Fast forward some 35 years, and we moved into a new home. That move created an ample supply of empty boxes, so the first thing the Kids did was to start building a fort in the basement. The Kids actually grabbed surplus carpet and hardwood and decked out they're fort quite nicely. As a one-time fort-building aficionado, I was very impressed!
It would seem that we humans have an instinct for creating our own isolated private spaces. Give a kid a couple of large boxes, and he'll instantly start creating forts with them. Heck, the boxes don't even need to be that large!
Cubicles suck. There, I said it. While we may have an instinct to create them as our own little forts, they hinder and even block the type of collaboration required to deliver software and systems effectively.
Face to face conversation is by far the most effective way to communicate. Think of it in terms of network bandwidth:
|Form of Communication||Equivalent Bandwidth|
|Face to Face||This is a full OC-192 optical connection to the back of your laptop.|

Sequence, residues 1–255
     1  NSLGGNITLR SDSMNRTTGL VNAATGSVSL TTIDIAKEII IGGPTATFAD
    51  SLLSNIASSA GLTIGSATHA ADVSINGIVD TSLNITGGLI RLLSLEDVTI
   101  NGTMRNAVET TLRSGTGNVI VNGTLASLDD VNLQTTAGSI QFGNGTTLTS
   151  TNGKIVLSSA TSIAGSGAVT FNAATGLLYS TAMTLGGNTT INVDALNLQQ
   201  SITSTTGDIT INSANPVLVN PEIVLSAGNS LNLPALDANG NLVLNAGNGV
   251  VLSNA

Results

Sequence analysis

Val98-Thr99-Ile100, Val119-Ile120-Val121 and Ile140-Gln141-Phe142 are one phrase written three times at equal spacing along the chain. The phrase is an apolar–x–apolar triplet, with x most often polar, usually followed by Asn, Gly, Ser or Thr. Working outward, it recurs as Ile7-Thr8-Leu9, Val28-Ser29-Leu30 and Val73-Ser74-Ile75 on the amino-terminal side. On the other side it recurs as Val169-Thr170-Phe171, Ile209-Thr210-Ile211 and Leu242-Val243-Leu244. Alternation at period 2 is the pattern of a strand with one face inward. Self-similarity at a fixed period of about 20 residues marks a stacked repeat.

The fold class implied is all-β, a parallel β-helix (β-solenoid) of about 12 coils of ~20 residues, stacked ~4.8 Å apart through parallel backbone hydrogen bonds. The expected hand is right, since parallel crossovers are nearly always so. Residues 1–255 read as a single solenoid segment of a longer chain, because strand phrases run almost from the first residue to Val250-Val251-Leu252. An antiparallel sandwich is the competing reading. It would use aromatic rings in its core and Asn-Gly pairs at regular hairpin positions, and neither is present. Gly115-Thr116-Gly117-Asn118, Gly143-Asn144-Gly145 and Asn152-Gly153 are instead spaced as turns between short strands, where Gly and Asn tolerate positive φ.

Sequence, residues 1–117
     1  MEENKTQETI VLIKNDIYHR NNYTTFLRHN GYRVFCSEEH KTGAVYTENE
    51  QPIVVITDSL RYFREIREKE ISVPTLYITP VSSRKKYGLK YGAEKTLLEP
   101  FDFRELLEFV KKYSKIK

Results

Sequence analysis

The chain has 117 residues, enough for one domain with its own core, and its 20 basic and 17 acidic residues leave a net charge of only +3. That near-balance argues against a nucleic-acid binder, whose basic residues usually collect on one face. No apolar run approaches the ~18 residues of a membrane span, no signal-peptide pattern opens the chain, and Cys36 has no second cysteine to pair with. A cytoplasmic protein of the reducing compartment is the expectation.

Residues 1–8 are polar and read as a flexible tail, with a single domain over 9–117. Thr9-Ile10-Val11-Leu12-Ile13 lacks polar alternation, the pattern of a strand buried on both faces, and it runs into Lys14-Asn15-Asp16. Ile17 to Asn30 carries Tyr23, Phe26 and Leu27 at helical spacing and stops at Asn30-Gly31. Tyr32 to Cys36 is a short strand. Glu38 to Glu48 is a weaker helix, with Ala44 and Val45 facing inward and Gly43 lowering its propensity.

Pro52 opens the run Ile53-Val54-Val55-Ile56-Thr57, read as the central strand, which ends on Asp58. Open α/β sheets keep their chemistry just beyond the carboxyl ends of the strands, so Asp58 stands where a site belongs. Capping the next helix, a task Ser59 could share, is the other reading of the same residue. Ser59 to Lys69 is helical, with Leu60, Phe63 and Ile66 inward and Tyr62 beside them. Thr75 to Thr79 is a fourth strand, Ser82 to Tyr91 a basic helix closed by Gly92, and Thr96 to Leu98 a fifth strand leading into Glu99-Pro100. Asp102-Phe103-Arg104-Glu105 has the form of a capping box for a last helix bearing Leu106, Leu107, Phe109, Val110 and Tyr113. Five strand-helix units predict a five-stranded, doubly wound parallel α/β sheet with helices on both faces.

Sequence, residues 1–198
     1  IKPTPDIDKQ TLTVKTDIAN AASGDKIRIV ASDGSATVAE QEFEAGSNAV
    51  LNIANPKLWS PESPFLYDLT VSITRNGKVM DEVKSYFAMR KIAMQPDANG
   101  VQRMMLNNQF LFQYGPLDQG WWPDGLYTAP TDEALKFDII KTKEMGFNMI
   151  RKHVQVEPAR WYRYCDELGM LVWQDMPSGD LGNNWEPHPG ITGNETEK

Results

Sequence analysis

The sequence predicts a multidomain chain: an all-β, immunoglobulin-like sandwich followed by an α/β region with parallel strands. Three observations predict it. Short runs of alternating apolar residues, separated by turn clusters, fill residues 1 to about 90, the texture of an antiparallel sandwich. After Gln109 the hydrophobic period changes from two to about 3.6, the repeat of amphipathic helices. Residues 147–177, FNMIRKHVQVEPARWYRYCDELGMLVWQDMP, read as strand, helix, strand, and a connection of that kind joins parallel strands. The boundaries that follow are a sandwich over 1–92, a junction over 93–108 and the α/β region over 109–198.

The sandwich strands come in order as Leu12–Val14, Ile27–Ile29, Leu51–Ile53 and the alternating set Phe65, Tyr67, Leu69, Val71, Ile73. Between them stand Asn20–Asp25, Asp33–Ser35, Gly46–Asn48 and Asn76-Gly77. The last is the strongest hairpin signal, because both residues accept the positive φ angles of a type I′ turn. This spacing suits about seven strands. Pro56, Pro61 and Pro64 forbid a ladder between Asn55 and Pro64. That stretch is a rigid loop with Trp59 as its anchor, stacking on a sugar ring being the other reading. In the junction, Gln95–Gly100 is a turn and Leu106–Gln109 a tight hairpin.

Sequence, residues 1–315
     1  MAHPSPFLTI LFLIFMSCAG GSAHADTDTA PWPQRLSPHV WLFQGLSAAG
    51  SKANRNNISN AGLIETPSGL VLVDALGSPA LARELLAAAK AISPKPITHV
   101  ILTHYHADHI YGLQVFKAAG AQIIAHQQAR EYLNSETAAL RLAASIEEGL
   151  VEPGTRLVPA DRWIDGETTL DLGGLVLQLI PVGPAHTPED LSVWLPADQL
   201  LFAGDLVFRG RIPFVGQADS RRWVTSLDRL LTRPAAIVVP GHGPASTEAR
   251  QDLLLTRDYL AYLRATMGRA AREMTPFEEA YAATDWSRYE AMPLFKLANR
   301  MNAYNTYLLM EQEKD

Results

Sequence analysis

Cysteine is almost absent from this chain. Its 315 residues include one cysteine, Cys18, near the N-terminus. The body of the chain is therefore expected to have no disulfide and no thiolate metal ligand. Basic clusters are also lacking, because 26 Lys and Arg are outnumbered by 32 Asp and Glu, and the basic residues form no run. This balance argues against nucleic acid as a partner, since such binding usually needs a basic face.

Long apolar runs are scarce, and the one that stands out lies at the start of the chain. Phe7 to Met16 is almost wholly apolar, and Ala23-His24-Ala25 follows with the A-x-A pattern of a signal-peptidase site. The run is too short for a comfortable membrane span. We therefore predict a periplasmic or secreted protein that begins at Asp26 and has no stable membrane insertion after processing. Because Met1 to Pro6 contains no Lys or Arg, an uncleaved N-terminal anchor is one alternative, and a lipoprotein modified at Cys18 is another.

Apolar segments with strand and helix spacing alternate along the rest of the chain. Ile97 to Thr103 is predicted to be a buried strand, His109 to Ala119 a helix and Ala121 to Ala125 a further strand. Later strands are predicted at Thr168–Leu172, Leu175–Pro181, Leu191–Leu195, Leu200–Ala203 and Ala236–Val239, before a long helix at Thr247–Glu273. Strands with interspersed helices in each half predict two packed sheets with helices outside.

|Video Conference||We're now down to a good Cable or DSL connection.|
|Phone Call||At best a 56K modem, with error correction at least.|
|Remember 14.4K modems?|
|Written Document||Now we're back to a 300 baud teletype machine.|
The point here is that you want to maximize the amount of time the team spends collaborating face to face. That type of communication not only 'transmits' the words of the conversation, but also the inflection in those words and the sentences they comprise. Body language is quite evident during the conversation. There is a lot more content communicated than just the words themselves, and thus the level of understanding created by face-to-face conversations is much higher.
Get team members into a team room or area. If they are on different floors in a building, they may as well be on different continents. You want to maximize the probability of face-to-face conversations occurring - putting everyone in a single space does just that.
What's that? You have people in the euphemistically-named 'low-cost centres'? You have people that work from home, and a company policy to support that? In those situations, ensure that the remote people spend at least some time in person with the rest of the team. That length of time must be enough to develop a working relationship, generally around 2-3 weeks. If full-time co-location isn't an option, the human relationship is the next most powerful aspect of collaboration.